September 23
In re: Eric F. Kayira
St. Louis County

Attorney discipline  
Listen to the oral argument: SC98531 MP3 file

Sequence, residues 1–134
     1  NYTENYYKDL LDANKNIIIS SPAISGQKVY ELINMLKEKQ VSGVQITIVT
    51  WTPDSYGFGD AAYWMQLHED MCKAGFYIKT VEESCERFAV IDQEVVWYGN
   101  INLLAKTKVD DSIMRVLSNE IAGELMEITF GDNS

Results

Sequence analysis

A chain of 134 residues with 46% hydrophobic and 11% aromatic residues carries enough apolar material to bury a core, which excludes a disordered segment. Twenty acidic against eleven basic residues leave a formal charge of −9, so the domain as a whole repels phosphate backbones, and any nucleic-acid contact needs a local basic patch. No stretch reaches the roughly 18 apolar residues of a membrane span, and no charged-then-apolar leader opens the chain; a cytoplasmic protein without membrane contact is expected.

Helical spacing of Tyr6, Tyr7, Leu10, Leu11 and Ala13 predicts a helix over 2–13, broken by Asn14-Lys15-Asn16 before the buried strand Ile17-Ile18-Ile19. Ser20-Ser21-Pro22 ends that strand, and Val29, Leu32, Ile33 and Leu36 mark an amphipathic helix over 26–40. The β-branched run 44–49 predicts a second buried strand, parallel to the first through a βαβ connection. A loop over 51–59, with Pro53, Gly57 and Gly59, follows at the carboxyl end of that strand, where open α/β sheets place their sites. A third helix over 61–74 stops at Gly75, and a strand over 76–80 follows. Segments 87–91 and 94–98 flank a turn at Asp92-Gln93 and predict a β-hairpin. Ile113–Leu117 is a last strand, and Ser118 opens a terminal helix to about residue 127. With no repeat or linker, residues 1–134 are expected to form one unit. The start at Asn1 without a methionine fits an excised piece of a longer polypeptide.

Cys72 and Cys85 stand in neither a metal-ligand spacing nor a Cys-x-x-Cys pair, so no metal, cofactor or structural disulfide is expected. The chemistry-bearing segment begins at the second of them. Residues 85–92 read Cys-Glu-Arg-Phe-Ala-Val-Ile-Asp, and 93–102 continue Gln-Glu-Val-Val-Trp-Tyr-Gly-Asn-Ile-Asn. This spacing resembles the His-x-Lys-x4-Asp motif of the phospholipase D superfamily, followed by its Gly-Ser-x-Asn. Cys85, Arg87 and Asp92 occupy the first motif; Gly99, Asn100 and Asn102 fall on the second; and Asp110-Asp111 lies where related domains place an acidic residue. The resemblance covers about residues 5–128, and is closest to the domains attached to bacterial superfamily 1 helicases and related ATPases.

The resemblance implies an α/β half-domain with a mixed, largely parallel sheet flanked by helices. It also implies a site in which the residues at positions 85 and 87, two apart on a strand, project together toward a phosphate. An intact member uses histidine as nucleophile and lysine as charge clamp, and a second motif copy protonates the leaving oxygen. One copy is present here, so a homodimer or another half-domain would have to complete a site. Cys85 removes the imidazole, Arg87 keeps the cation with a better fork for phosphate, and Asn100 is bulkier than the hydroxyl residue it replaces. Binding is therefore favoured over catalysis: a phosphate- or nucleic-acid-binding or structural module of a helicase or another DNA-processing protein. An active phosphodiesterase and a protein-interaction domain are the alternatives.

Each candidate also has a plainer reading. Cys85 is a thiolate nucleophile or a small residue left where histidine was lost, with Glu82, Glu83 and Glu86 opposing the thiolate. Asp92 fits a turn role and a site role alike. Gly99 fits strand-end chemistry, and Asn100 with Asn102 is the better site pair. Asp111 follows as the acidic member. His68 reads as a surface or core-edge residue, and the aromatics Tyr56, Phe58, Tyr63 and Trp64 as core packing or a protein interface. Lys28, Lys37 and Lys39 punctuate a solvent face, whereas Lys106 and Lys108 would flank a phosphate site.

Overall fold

The chief disciplinary counsel was represented during arguments by Shevon L. Harris of The Harris Law Firm in St. Louis; Kayira was represented by Michael P. Downey of Downey Law Group LLC in St. Louis.